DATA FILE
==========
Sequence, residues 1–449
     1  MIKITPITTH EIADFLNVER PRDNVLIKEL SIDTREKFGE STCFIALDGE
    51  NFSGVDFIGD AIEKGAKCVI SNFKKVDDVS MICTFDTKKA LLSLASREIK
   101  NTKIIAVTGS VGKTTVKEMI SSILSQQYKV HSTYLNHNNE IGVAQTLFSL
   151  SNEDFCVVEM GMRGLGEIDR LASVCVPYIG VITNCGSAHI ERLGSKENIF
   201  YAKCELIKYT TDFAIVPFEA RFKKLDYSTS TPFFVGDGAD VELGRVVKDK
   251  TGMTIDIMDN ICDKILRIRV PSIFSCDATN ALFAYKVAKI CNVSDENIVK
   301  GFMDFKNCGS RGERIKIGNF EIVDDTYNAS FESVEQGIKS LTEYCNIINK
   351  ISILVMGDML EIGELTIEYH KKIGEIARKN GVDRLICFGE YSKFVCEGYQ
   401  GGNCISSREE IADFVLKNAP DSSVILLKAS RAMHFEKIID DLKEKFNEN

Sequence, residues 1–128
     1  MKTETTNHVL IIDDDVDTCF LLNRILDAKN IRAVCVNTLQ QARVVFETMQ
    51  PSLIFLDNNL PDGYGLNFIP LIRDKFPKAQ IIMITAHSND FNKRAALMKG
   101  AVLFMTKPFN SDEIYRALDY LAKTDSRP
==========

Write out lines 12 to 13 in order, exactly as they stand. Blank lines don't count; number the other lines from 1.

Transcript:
     1  MKTETTNHVL IIDDDVDTCF LLNRILDAKN IRAVCVNTLQ QARVVFETMQ
    51  PSLIFLDNNL PDGYGLNFIP LIRDKFPKAQ IIMITAHSND FNKRAALMKG